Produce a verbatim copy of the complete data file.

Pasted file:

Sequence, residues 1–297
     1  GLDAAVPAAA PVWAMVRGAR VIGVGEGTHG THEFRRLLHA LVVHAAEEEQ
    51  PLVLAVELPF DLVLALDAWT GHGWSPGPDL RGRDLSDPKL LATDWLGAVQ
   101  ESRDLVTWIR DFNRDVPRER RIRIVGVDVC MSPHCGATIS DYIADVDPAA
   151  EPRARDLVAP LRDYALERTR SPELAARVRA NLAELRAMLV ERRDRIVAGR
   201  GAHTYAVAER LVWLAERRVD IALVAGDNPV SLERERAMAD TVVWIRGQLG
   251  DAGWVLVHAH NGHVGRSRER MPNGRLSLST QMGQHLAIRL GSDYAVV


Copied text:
Sequence, residues 1–297
     1  GLDAAVPAAA PVWAMVRGAR VIGVGEGTHG THEFRRLLHA LVVHAAEEEQ
    51  PLVLAVELPF DLVLALDAWT GHGWSPGPDL RGRDLSDPKL LATDWLGAVQ
   101  ESRDLVTWIR DFNRDVPRER RIRIVGVDVC MSPHCGATIS DYIADVDPAA
   151  EPRARDLVAP LRDYALERTR SPELAARVRA NLAELRAMLV ERRDRIVAGR
   201  GAHTYAVAER LVWLAERRVD IALVAGDNPV SLERERAMAD TVVWIRGQLG
   251  DAGWVLVHAH NGHVGRSRER MPNGRLSLST QMGQHLAIRL GSDYAVV